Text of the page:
« Reply #3 on: September 13, 2019, 03:11:12 pm »

I'm a bit confused. I see RF explorer here https://j3.rf-explorer.com/ and from RF Venue.

When I google it one of the links I find is something "seeed studio" at amazon. When I click the link it says "by RF Venue". I feel like it's the same, but confusing marketing?

Seeed studio makes them, RF venue sells them, or how does this work?

The RF Explorer has been around for a while.  RF Venue has their custom designed and built version of the unit, with BNC Antenna mount, rubber ducky antenna, better switch cover, black case, etc. But the guts are basically the same.(RF Venue vesion  vs. RF Explorer 3G)   The original uses an SMA connector and has a telescoping antenna for UHF and separate one for 2.4GHz.  I own both but use the RF Venue version more, as it is easier to handle, has better on board software functions and I don't need to keep up with converters or an extra antenna.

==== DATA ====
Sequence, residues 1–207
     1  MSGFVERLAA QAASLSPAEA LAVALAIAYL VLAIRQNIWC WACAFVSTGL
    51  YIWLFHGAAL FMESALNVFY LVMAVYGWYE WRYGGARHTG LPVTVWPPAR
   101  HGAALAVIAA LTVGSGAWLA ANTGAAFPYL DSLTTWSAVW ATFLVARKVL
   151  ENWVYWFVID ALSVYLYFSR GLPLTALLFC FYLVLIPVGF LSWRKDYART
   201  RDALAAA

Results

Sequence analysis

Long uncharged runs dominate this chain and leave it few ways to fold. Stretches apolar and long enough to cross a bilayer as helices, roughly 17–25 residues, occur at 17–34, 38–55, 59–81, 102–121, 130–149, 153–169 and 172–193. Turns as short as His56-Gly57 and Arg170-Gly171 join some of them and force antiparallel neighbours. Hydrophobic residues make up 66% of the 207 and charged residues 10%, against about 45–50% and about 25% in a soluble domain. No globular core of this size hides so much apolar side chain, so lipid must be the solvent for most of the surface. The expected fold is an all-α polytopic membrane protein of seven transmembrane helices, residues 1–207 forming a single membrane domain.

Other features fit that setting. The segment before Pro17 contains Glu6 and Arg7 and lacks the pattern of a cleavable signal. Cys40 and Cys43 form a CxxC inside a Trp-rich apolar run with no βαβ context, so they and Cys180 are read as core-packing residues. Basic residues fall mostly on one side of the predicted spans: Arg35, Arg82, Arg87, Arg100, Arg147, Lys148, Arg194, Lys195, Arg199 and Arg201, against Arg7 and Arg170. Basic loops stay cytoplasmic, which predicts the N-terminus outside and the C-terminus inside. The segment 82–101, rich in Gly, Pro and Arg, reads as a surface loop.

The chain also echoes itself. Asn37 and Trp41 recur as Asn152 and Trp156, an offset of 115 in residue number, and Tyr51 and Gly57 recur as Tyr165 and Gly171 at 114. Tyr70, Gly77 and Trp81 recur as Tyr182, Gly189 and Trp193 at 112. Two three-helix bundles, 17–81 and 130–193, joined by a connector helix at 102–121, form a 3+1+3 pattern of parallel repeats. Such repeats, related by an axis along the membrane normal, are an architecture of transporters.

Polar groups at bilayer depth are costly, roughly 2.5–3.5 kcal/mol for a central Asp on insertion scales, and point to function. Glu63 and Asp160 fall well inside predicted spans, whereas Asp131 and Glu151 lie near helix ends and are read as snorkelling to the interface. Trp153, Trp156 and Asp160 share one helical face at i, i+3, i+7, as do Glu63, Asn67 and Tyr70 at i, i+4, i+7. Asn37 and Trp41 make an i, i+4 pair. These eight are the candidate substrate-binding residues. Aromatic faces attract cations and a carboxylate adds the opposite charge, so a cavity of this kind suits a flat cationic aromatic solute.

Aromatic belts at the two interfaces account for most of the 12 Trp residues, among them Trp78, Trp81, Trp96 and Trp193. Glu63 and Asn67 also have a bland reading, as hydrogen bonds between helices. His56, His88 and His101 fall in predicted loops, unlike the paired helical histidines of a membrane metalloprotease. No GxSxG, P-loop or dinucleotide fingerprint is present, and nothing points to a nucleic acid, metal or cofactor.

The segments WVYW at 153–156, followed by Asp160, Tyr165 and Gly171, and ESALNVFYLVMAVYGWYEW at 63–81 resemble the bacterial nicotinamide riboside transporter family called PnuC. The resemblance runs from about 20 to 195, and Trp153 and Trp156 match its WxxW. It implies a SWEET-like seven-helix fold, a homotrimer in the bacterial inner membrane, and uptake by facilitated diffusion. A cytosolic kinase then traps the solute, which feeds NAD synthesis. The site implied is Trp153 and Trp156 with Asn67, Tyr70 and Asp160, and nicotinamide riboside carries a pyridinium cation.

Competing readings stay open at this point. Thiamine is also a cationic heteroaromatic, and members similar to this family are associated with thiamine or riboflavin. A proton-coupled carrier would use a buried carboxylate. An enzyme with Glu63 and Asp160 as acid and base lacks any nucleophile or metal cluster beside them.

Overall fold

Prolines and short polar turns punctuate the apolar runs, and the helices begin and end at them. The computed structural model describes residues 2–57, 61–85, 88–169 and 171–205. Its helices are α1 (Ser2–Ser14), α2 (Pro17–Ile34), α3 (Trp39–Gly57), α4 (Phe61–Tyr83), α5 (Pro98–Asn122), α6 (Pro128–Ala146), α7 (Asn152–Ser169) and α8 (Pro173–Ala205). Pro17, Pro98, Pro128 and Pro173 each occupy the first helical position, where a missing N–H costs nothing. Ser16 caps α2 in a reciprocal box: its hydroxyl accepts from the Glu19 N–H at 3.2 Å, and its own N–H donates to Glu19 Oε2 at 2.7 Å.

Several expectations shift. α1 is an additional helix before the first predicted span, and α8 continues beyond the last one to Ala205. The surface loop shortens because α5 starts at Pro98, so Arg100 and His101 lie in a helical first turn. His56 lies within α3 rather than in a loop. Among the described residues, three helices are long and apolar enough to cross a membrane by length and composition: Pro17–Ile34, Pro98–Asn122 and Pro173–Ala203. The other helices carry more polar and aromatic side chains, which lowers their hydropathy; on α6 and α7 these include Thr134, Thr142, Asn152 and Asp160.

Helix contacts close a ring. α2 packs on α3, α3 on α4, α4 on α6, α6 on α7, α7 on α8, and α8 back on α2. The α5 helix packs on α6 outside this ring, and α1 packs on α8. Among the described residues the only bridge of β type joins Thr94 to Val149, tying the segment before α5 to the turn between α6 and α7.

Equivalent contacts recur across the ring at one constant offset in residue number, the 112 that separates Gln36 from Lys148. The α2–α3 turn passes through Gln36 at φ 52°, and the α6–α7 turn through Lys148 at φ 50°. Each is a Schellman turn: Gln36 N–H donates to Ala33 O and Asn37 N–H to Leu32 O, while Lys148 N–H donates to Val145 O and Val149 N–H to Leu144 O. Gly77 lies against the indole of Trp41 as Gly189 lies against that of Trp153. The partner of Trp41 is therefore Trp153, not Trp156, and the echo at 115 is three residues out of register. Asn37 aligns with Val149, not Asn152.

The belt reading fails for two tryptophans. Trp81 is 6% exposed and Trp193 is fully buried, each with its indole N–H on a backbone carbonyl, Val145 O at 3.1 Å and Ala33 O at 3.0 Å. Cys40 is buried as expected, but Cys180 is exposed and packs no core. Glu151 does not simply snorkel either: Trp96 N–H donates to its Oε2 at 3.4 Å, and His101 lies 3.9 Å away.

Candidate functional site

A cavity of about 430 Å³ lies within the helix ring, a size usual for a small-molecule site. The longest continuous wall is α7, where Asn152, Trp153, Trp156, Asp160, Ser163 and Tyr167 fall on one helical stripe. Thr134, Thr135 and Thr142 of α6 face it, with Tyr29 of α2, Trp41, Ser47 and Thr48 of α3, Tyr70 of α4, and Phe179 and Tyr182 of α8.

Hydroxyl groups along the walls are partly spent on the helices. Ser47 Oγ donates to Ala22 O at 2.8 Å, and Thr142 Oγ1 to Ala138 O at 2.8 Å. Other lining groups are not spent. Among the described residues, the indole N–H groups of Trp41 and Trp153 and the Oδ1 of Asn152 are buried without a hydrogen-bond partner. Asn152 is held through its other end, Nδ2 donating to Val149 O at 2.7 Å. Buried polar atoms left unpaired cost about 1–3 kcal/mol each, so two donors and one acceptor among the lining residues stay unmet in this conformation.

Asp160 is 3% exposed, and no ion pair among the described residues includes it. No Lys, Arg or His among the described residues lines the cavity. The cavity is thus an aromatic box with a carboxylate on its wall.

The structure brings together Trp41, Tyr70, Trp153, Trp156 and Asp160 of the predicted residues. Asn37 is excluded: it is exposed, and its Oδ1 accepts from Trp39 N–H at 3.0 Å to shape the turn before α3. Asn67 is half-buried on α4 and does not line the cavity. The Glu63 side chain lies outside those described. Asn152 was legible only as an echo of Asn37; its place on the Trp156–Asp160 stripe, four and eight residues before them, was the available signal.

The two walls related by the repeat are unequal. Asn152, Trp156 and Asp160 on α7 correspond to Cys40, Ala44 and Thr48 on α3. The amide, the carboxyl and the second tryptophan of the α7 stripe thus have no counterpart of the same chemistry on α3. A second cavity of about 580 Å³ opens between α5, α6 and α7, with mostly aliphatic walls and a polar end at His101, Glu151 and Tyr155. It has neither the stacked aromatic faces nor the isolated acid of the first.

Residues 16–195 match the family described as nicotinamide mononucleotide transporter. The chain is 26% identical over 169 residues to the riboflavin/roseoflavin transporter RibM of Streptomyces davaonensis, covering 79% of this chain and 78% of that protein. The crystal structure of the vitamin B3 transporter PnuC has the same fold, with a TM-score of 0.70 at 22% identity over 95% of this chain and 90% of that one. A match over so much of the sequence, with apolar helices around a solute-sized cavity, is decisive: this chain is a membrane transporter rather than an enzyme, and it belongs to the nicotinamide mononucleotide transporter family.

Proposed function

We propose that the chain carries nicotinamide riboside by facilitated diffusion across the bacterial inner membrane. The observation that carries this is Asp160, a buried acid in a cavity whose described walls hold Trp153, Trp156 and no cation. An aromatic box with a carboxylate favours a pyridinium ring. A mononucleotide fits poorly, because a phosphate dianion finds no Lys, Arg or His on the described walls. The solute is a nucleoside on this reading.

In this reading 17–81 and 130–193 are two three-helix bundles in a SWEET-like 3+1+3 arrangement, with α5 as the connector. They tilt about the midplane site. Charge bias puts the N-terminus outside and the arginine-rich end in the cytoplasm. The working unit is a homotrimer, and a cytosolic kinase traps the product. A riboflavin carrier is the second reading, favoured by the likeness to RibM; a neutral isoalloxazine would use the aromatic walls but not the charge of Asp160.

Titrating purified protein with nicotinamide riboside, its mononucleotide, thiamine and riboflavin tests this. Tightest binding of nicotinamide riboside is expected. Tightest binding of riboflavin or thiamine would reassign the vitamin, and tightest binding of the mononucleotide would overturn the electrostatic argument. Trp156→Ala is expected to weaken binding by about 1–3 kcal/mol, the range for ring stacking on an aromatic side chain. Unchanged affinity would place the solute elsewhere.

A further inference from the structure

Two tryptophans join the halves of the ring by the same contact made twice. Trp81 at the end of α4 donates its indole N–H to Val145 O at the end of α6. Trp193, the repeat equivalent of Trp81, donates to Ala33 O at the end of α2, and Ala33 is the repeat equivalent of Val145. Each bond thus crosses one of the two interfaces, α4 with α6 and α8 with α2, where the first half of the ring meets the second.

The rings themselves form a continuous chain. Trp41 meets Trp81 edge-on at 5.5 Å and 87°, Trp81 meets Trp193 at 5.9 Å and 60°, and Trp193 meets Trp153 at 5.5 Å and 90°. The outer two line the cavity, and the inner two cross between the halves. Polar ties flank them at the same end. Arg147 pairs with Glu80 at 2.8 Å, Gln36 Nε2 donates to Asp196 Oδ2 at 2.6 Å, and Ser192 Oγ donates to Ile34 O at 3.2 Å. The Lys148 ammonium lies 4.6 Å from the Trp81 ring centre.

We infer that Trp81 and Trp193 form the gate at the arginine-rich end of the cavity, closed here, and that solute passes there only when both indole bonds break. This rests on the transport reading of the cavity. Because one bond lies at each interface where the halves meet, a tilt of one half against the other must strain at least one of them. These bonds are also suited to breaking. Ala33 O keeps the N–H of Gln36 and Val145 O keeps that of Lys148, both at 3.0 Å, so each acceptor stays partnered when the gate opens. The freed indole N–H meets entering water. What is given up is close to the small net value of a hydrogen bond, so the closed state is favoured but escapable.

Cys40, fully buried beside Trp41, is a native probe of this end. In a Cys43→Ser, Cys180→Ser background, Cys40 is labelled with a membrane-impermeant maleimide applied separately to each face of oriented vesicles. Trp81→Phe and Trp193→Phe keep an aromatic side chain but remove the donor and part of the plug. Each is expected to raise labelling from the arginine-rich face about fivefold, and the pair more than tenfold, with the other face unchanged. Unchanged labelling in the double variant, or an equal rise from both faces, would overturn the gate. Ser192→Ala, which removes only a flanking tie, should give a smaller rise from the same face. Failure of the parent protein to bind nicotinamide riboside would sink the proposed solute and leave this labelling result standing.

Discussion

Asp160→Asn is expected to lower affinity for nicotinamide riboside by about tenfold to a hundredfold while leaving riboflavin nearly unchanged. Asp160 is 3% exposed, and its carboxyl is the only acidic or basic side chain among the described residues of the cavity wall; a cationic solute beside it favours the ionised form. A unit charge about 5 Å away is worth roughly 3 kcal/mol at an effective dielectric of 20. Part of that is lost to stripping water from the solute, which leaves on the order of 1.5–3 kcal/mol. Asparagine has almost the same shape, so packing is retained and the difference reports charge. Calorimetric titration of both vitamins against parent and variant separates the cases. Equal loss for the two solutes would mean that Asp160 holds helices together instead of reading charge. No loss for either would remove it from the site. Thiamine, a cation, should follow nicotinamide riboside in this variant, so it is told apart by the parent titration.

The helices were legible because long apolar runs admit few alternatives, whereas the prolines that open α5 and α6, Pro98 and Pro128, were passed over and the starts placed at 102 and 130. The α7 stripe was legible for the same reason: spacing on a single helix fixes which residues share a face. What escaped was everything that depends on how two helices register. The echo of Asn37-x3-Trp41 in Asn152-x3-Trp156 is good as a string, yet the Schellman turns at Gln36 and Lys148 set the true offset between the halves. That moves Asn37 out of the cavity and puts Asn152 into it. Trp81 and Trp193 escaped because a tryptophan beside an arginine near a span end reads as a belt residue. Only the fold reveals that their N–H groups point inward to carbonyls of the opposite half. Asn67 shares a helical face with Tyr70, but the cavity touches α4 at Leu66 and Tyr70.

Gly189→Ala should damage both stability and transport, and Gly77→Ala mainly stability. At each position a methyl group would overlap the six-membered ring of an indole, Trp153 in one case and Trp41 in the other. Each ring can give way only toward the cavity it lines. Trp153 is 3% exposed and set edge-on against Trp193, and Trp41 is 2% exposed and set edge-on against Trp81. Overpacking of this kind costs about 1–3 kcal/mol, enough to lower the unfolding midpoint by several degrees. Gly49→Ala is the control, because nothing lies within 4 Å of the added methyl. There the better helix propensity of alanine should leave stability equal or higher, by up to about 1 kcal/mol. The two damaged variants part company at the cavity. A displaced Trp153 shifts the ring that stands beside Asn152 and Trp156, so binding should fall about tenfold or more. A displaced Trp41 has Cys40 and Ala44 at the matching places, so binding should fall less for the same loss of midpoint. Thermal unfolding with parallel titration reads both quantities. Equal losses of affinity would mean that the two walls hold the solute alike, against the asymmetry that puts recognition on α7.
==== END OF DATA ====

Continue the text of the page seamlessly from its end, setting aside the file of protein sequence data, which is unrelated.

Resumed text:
« Last Edit: September 13, 2019, 03:18:08 pm by Rick Earl »
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Miguel Dahl

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Re: Are there two different "RF Explorer"? The handheld(s).
« Reply #4 on: September 13, 2019, 03:22:49 pm »

Right. So for just a quick overall-scan, to basically look for TV-channels at a site, to get an overview before a job, the seeed studio 240-960 would do fine out of the box?

When on site and set up I just use the G3-units and WSM to do the rest.
« Last Edit: September 13, 2019, 03:24:56 pm by Miguel Dahl »
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Don Boomer

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Re: Are there two different "RF Explorer"? The handheld(s).
« Reply #5 on: September 13, 2019, 03:51:09 pm »

Hi Miguel

Yes, it's slightly confusing. The Rf Explorer that RF Venue sells is a modified unit built to our specs. Weíve added some things that we think greatly saves time when out in the field.

To start, the antenna input is made with a BNC instead of an SMA jack. Also the we did a bunch of testing and came up with a much better antenna for UHF TV band work.  Thatís important as some users werenít careful to use the proper 50 ohm adaptors.

Our unit has a built-in LNA to boost levels for very low level inputs and an attenuator to allow for measuring  transmitters without damaging the front end. Both are switchable in presets

Our unit has 100 preset positions so you can set and quickly recall frequently used setups. Saves a bunch of time manually entering changes.